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In Australia, few concept cars are as revered as the Holden Hurricane, which originally debuted at the 1969 Melbourne Motor Show.
Created in almost total secret by a small staff of engineers, in conjunction with Holden’s Advanced Design group, not only was the Hurricane a futuristic styling exercise (the lift up canopy was very Buck Rogers), it also incorporated a number of technological advancements which can be considered the forerunners of many features found on modern cars and trucks.
These include automatic air conditioning, a rearview camera and the ‘Pathfinder;’ an early guidance or navigation system, that relied on a series of embeded magnets along the route which the car traveled, plus a dash mounted indicator which signaled the driver when to turn. It can rightly be considered as a precursor to today’s GPS units.
Power for this fiberglass wonder came courtesy of an experimental 253 cubic inch (4.3-liter) V-8 with a four-barrel carburetor, which cranked out a respectable (for the time) 263 hp. Like other aspects of the car, this engine was an innovation for its time, and the 253 was later introduced to production Holdens.
Other neat aspects of the Hurricane (internally coded RD 001) included digital instrumentation, flip up headlights, station-seeking radio, foam lined gas tank, safety locks, even an onboard fire warning system.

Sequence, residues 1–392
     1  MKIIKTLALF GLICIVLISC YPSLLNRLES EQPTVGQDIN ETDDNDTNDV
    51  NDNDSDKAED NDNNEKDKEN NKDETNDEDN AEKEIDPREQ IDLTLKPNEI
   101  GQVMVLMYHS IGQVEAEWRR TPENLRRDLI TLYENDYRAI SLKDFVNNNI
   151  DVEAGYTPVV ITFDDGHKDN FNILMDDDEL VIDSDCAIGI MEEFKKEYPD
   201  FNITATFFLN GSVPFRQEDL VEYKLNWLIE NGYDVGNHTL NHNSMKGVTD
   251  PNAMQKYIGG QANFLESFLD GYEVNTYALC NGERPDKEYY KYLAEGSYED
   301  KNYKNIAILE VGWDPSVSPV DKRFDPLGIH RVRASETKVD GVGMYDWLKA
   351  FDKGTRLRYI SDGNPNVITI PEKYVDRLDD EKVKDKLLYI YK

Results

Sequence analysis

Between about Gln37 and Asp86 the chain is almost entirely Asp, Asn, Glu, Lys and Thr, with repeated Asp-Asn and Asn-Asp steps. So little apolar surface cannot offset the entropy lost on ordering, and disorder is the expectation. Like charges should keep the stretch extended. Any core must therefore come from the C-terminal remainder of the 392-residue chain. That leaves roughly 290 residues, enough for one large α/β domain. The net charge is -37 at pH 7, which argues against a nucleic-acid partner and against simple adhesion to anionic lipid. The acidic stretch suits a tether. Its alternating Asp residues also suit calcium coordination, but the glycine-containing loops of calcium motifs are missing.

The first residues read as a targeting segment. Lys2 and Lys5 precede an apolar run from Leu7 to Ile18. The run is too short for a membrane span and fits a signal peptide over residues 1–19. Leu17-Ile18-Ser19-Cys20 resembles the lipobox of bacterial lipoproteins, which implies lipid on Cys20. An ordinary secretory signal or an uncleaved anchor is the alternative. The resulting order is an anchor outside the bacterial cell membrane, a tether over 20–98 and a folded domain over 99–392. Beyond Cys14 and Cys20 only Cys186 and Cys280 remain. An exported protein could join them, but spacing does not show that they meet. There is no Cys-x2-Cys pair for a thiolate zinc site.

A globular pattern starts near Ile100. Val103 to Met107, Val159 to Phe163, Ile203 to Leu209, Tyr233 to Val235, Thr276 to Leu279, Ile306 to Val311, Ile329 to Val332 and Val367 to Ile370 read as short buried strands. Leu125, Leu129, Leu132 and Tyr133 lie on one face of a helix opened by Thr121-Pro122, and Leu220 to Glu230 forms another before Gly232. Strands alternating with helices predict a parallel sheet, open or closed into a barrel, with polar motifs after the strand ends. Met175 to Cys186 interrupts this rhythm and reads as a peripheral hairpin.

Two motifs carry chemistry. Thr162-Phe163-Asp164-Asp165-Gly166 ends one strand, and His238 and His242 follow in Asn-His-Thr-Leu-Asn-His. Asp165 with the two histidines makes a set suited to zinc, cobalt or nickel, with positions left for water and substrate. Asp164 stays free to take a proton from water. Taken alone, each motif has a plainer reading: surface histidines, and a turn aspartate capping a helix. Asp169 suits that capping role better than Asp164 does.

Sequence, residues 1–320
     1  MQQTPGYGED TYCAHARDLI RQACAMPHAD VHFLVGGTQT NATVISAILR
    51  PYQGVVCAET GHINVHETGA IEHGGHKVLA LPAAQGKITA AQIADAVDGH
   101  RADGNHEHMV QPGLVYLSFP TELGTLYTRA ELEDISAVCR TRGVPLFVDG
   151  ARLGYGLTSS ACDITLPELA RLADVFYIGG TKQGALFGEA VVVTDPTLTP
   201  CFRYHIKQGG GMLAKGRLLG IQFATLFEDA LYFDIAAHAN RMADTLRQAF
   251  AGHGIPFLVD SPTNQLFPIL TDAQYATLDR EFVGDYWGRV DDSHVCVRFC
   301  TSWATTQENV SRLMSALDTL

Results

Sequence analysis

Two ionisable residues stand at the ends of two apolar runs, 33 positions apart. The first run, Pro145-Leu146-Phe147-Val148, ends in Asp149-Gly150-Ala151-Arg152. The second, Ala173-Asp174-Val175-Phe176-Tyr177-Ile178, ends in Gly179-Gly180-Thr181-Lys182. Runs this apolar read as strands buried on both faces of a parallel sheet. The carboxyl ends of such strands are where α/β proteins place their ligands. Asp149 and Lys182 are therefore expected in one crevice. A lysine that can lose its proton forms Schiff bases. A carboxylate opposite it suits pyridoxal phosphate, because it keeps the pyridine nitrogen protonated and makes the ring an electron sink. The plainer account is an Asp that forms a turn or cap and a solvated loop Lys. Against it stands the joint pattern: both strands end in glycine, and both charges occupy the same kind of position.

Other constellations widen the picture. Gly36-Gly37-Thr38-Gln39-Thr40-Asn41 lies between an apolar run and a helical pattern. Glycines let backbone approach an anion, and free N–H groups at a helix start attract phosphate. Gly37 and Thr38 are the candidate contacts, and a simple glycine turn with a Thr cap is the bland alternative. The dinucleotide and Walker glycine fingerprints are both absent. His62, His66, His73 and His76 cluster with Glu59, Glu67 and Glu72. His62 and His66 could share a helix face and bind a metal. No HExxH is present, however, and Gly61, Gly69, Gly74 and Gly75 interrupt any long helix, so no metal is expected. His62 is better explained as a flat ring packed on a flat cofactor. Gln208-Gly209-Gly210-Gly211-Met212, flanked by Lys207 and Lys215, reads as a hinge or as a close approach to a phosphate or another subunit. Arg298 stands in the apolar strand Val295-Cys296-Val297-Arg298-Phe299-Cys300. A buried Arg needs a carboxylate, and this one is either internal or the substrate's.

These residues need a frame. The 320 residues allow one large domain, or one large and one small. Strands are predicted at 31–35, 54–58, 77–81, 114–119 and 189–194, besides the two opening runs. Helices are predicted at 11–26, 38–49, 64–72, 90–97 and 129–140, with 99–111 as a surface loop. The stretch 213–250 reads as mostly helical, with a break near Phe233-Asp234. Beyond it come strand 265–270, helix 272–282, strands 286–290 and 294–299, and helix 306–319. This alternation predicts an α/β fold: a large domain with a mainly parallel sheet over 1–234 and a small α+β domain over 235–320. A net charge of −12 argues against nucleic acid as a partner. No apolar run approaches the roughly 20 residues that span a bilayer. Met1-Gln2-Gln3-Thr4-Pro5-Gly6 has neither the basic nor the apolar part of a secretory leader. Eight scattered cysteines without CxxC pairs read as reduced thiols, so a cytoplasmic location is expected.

“There are some genuinely remarkable ideas and technology in the Hurricane,” said Rick Martin, former Holden Chief Studio Engineer. “From the automatic air-conditioning and magnet-based guidance system, to the inertia-reel seat belts and metallic paint, this was a car that was genuinely ahead of its time.
Given that RD 001 was such a groundbreaking vehicle, it deserved better than languishing in a back room, gathering dust once its show days were over.
In 2006 a decision was taken to restore the Hurricane to it’s former glory, though in order to achieve the desired result, much time was needed researching the car and its innovative systems, plus using original parts wherever possible. Paul Clarke, Holden’s manager for Creative Hard Modelling, has been largely responsible for managing the restoration, what original components weren’t salvageable were remade using modern techniques to achieve 1969 specs.
Now completed and as fresh as the day it made it’s original debut, the Holden Hurricane is due to make another debut, this time the Motorclassica car show at the Melbourne Royal Exhibition Building, which runs from October 21-23.
The Hurricane was not only years ahead of its time, it also set the stage for future milestone concept cars from Holden, including the GTR-X, Torana TT36, Coupe 60, the GMC Denali XT (requested specifically by GM for the North American market) and the award-winning EFIJY.
It also helped foister the brand’s reputation as a builder of world class show and concept vehicles (currently it operates one of the three GM design centers capable of making such vehicles).
“The entire team has done a fantastic job in bringing [the Hurricane] back to life,” Clarke said. “This beautiful concept plays a crucial role in Holden’s story and the company has such a great sense of history and heritage that it was very important to bring RD 001 back to life. It’s been a challenging but incredibly rewarding process.”